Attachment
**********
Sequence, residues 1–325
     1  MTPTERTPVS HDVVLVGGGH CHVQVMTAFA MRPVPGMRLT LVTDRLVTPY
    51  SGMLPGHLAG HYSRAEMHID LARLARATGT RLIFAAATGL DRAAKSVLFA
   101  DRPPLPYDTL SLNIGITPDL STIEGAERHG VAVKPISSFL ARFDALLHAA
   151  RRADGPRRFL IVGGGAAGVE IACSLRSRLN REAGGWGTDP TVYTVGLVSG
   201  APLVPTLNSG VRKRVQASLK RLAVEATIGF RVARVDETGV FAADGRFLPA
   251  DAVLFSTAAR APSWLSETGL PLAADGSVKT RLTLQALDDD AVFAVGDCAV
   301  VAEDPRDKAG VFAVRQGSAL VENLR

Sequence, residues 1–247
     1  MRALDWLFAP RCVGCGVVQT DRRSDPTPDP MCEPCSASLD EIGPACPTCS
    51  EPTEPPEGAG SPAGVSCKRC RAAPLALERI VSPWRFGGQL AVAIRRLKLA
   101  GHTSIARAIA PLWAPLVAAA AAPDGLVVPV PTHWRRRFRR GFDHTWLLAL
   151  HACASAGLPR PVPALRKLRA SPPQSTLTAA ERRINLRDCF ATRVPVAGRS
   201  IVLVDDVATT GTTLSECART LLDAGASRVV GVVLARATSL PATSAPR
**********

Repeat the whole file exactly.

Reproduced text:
Sequence, residues 1–325
     1  MTPTERTPVS HDVVLVGGGH CHVQVMTAFA MRPVPGMRLT LVTDRLVTPY
    51  SGMLPGHLAG HYSRAEMHID LARLARATGT RLIFAAATGL DRAAKSVLFA
   101  DRPPLPYDTL SLNIGITPDL STIEGAERHG VAVKPISSFL ARFDALLHAA
   151  RRADGPRRFL IVGGGAAGVE IACSLRSRLN REAGGWGTDP TVYTVGLVSG
   201  APLVPTLNSG VRKRVQASLK RLAVEATIGF RVARVDETGV FAADGRFLPA
   251  DAVLFSTAAR APSWLSETGL PLAADGSVKT RLTLQALDDD AVFAVGDCAV
   301  VAEDPRDKAG VFAVRQGSAL VENLR

Sequence, residues 1–247
     1  MRALDWLFAP RCVGCGVVQT DRRSDPTPDP MCEPCSASLD EIGPACPTCS
    51  EPTEPPEGAG SPAGVSCKRC RAAPLALERI VSPWRFGGQL AVAIRRLKLA
   101  GHTSIARAIA PLWAPLVAAA AAPDGLVVPV PTHWRRRFRR GFDHTWLLAL
   151  HACASAGLPR PVPALRKLRA SPPQSTLTAA ERRINLRDCF ATRVPVAGRS
   201  IVLVDDVATT GTTLSECART LLDAGASRVV GVVLARATSL PATSAPR